Wednesday, August 22, 2007

Another Interesting Outer Space Event

Whether or not you missed the Perseids, you'll want to take a look upward for Aug 28th's total lunar eclipse, which will be visible from five continents, including all of North America. (Sorry, Europeans and Africans. Better luck next time!) I've seen a couple of lunar eclipses now, and they're really damned cool, what with the moon turning the color of blood and all. You can't get special effects better than that!

Totality occurs at 5:52 AM, Eastern Time and lasts for about 90 minutes, so you early risers on the East Coast will have something interesting to wake up to, although your show, unlike that of those of us farther west, will be interrupted by a pesky sunrise. That corresponds to 3:52, my time, which comes smack in the middle of my workday, but I think I'll make a point of taking a coffee break out on the balcony.

6 comments:

  1. give me a call on your way out to the balcony so I can see it too! (just kidding. i would NEVER answer the phone at 3:52am)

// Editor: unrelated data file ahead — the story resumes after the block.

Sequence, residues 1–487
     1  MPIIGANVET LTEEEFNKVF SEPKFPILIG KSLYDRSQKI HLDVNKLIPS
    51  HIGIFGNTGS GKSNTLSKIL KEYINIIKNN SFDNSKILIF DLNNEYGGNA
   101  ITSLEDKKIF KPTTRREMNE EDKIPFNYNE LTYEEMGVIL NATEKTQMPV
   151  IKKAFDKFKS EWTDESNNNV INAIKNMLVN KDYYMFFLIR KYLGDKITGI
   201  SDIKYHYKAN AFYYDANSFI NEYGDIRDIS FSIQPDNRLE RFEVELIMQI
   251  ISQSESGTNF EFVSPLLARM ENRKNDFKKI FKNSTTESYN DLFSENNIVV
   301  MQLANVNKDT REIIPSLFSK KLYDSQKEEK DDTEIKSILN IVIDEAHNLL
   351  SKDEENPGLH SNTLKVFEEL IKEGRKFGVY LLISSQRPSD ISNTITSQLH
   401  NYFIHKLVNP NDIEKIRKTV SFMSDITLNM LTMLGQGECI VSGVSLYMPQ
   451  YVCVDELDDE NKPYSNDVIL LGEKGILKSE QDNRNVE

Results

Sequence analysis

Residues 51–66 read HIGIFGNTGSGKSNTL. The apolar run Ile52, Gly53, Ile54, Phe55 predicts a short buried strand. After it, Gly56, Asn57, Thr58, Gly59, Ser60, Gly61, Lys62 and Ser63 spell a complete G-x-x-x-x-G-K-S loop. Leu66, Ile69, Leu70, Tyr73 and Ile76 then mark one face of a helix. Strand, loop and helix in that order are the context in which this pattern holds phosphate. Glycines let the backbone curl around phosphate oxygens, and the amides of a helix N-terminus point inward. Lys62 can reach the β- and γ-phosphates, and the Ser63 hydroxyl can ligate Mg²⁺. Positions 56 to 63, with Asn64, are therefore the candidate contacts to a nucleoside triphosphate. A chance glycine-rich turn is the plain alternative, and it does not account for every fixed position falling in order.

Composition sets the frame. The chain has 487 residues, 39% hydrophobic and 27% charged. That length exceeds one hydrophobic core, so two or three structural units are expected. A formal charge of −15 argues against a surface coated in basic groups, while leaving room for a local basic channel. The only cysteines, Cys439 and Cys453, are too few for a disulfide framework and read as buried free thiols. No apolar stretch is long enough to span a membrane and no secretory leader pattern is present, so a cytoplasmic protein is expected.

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  2. I might just have to call in sick for Wednesday...

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  3. All that means for me is waking up an hour early and watching it while eating my oatmeal.

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  4. You obnoxious day person, you. :)

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  5. Was it good for you, too? ;)

    I'll ask the question on behalf of all space novices (including myself). What's the difference between a lunar eclipse and the monthly darkening of the moon? I thought a new moon occurred because it was in the earth's shadow, just like an eclipse.

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  6. It was cloudy. Eventually, I gave up. :(

    Lunar eclipses do happen when the moon is in the shadow of the Earth. The regular cycles of the moon, however, have nothing to do with Earth's shadow; it's all about which side of the moon is illuminated by the sun. The moon shines by reflected sunlight, so only the half of the moon that's in daylight at any given moment is bright. During a full moon, the Earth is between the sun and moon -- not so precisely between that our shadow falls on it (usually), but between, nonetheless -- so that we see it illuminated full-on. (Imagine looking at a friend's face while someone else stands behind you with a flashlight, shining it on them.) During a new moon, conversely, the moon is between us and the sun, so that the side facing away from us is lit, but the side towards us is dark.

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